Friday, September 11, 2009
TWO MEMORABLE SEPTEMBER 11ths James S. Henry
Many of us have our own strong private recollections of September 11, 2001. I happened to have been at Boston's Logan Airport that morning, boarding a prop plane for an American Eagle flight to Long Island's Islip Airport. It was leaving around 8 am from Gate 22, at roughly the same time that Mohammed Atta and four other reputed Saudi hijackers of Flight 11 were taking off from Gate 26 at the very same terminal, along with 86 other passengers and crew. We must have passed each other, but I didn't notice them. I do have a distinct recollection that security at the check-in that morning was very lax, but other than that, my own flight was uneventful -- until we landed in Islip and heard the shocking news that two planes had just hit the twin towers. So "death reached by and took another....."
My heart goes out to all who lost loved ones on that awful morning. May we redouble our efforts to establish a Truth Commission, and determine the full story, yet untold.
But it is important to put our 9/11 in context. This was not the only September 11th that is etched indelibly in my memory -- let alone the most important case of international terrorism.
I also distinctly recall the Chilean coup of September 11, 1973 very clearly. I was attending a graduate economics course at Harvard taught by a protégé of Chicago Professor Milton Friedman. One of my fellow students was Sebastian Pinera, a member of one of Chile's oldest families, the future owner of the airline LanChile, and right now the leading conservative candidate in Chile's upcoming December 2009 Presidential elections.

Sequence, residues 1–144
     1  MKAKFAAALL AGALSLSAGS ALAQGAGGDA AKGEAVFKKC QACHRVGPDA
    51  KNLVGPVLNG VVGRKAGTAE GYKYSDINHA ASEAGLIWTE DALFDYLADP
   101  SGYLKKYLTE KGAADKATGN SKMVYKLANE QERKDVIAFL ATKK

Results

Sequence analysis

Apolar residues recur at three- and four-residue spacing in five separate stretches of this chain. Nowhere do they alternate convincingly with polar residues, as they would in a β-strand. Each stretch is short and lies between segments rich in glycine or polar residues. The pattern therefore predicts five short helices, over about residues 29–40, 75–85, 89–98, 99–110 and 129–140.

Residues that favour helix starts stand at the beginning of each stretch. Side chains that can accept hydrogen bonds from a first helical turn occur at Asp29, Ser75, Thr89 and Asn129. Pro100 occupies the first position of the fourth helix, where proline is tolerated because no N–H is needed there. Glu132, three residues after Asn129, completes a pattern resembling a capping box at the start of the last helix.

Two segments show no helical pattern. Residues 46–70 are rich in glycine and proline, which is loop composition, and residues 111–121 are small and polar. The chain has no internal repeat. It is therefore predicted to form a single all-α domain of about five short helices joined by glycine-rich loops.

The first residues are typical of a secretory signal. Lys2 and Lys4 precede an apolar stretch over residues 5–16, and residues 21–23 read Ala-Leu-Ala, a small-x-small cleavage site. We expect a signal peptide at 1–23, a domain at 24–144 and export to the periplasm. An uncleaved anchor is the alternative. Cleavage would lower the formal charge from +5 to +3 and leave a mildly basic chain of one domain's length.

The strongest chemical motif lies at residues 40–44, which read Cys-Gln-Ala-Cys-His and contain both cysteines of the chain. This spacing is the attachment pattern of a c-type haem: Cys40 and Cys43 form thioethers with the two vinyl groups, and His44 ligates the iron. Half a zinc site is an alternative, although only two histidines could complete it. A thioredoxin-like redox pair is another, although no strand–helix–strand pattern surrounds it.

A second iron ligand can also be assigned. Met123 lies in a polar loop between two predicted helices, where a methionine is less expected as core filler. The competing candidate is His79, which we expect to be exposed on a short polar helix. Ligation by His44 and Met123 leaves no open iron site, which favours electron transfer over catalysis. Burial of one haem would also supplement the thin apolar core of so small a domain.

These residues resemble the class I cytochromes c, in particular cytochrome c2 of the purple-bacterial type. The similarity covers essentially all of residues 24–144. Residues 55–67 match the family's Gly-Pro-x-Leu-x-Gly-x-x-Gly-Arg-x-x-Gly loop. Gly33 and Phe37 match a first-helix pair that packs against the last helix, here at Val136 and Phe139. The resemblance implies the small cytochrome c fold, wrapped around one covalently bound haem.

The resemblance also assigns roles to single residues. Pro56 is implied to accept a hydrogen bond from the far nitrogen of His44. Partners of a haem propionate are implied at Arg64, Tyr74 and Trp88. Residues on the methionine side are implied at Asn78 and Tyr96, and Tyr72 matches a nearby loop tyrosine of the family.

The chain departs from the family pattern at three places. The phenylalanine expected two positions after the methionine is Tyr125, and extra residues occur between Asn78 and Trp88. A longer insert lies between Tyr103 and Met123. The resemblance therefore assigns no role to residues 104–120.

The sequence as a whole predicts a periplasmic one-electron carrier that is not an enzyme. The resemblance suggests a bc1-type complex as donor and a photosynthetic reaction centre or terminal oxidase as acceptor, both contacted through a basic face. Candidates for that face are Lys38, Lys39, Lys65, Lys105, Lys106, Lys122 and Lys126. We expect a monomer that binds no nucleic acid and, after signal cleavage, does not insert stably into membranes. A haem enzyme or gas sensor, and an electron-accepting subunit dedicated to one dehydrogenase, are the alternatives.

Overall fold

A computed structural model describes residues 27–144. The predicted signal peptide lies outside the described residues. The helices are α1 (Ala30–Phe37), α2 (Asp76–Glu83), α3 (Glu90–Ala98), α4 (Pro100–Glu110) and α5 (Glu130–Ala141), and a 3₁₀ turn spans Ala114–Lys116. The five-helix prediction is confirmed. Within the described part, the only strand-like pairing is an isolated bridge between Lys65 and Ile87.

Sebastian had somehow gotten word halfway through the class that Allende had been ousted. He was absolutely jubilant -- “We won!,” he cheered.
The professor, a prominent econometrician from the University of Chicago, shared Sebastian's delight. Like many other American econo mists, he saw the overthrow as a victory for the neoliberal doctrines preached by leading Chicago economists like Friedman and Arnold Harberger, who both later consulted directly for Pinochet’s junta.
Over the next twenty years, these “Los Chicago Boys” came to exert a strong influence on Chilean economic policy. The label was perhaps a little unfair to Chicago -- there was certainly no shortage of Harvard disciples of brutilitarian free-market doctrines.
For example, Jose Pinera, my classmate’s brother, was also Harvard- trained. He eventually became one of the main architects of Pinochet's labor policies, which included a ban on strikes and closed shops, the privatization of all pension funds, and sharp cuts in real wages, jobs, and unemployment benefits.
In hindsight, Pinochet’s little laboratory conducted the first in a series of experiments by the New Right that culminated in the neoliberal programs of Margaret Thatcher and Ronald Reagan in the First World, and a lengthy list of Third World imitators. Among First World democracies, their programs were moderated somewhat by the need for popular support. But in countries like Chile, Brazil, Mexico, and Argentina, where the lines between rich and poor were starker and the political systems were basically rigged, much less time was wasted on democratic niceties.
To their credit, a few principled conservatives were bothered by the resulting dirty little alliance between dictatorship and liberal economic reform. But many others -- including Sebastian, who opposed holding plebiscites on Pinochet in 1980 and 1988 -- got lost in the thorny thicket of distinctions between “authoritarian” and “totalitarian” regimes.